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In statistics, the score, score function, efficient score[1] or informant[2] indicates how sensitive a likelihood function {\displaystyle {\mathcal {L}}(\theta ;X)} {\displaystyle {\mathcal {L}}(\theta ;X)} is to its parameter {\displaystyle \theta } \theta . Explicitly, the score for {\displaystyle \theta } \theta is the gradient of the log-likelihood with respect to {\displaystyle \theta } \theta .

The score plays an important role in several aspects of inference. For example:

in formulating a test statistic for a locally most powerful test;[3]
in approximating the error in a maximum likelihood estimate;[4]
in demonstrating the asymptotic sufficiency of a maximum likelihood estimate;[4]
in the formulation of confidence intervals;[5]
in demonstrations of the Cramér–Rao inequality.[6]
The score function also plays an important role in computational statistics, as it can play a part in the computation of maximum likelihood estimates

The score is the gradient (the vector of partial derivatives), with respect to some parameter {\displaystyle \theta } \theta , of the logarithm (commonly the natural logarithm) of the likelihood function (the log-likelihood). If the observation is {\displaystyle X} X and its likelihood is {\displaystyle {\mathcal {L}}(\theta ;X)} {\displaystyle {\mathcal {L}}(\theta ;X)}, then the score {\displaystyle V} V can be found through the chain rule:
Thus the score {\displaystyle V} V indicates the sensitivity of {\displaystyle {\mathcal {L}}(\theta ;X)} {\displaystyle {\mathcal {L}}(\theta ;X)} (its derivative normalized by its value). Note that {\displaystyle V} V is a function of {\displaystyle \theta } \theta and the observation {\displaystyle X} X, so that, in general, it is not a statistic. However in certain applications, such as the score test, the score is evaluated at a specific value of {\displaystyle \theta } \theta (such as a null-hypothesis value, or at the maximum likelihood estimate of {\displaystyle \theta } \theta ), in which case the result is a statistic.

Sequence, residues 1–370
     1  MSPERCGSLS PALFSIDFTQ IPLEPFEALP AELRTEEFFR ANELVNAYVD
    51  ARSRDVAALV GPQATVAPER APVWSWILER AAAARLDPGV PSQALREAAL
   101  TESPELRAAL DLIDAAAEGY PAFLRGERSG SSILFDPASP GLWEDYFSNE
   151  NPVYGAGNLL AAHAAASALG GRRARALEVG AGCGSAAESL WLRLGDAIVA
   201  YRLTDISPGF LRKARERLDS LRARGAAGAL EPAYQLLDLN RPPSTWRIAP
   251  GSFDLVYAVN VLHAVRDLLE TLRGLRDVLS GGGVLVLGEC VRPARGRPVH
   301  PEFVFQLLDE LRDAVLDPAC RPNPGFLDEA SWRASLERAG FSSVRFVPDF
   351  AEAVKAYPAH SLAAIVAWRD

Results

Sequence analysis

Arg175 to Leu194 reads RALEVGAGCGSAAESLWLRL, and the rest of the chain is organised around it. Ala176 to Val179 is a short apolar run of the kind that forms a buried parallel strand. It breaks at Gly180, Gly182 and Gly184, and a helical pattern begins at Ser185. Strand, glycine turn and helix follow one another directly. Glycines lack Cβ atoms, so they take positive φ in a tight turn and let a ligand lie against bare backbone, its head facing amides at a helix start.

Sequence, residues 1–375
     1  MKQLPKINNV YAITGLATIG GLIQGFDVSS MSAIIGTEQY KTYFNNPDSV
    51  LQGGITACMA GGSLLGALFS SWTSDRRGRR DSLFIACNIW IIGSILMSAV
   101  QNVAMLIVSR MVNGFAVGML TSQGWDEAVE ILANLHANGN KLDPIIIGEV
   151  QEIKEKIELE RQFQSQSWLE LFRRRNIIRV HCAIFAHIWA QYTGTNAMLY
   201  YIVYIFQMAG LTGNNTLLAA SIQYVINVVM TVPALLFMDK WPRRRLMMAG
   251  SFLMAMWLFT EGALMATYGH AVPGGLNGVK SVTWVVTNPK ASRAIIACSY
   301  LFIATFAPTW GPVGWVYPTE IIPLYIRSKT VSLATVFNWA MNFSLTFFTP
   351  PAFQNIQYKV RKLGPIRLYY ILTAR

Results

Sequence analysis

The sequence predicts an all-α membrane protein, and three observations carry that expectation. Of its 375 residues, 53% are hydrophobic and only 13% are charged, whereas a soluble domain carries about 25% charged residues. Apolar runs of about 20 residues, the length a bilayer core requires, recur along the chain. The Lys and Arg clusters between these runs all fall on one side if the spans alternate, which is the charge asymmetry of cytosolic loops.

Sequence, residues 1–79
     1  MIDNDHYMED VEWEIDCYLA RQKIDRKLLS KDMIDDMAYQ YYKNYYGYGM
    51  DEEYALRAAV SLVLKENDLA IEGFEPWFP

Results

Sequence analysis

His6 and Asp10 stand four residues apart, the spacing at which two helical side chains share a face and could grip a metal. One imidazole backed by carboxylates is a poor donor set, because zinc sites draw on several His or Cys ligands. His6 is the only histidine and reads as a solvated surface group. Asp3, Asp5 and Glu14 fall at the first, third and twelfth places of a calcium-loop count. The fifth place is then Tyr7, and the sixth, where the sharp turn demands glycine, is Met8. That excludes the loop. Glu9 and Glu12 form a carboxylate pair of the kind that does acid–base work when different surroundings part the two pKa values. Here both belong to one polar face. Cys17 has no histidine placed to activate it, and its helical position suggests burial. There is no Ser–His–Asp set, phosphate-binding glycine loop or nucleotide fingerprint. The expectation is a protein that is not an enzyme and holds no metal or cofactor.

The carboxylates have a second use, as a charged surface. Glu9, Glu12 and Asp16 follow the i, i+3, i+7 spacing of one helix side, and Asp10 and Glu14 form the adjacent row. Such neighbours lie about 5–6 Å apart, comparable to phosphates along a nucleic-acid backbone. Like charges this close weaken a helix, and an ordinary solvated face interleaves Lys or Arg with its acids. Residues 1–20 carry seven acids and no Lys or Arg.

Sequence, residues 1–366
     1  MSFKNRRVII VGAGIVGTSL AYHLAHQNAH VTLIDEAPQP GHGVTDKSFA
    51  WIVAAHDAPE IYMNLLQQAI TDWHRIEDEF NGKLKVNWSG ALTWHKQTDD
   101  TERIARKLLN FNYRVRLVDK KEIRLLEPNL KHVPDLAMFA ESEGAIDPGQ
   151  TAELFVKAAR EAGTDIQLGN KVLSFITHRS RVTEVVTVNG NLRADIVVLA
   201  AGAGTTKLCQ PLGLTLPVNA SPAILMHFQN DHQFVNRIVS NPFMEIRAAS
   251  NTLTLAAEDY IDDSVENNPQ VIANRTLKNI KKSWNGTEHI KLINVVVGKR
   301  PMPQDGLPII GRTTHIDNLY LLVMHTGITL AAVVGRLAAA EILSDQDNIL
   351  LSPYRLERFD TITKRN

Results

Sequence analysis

In older literature, the term “linear score” may be used to refer to the score with respect to infinitesimal translation of a given density. This convention arises from a time when the primary parameter of interest was the mean or median of a distribution. In this case, the likelihood of an observation is given by a density of the form {\displaystyle {\mathcal {L}}(\theta ;X)=f(X+\theta )} {\displaystyle {\mathcal {L}}(\theta ;X)=f(X+\theta )}. The “linear score” is then defined as

It is worth restating the above result in words: the expected value of the score is zero. Thus, if one were to repeatedly sample from some distribution, and repeatedly calculate the score, then the mean value of the scores would tend to zero as the number of repeat samples approached infinity.
Note that the Fisher information, as defined above, is not a function of any particular observation, as the random variable {\displaystyle X} X has been averaged out. This concept of information is useful when comparing two methods of observation of some random process.

We can now verify that the expectation of the score is zero. Noting that the expectation of A is nθ and the expectation of B is n(1 − θ) [recall that A and B are random variables], we can see that the expectation of V is

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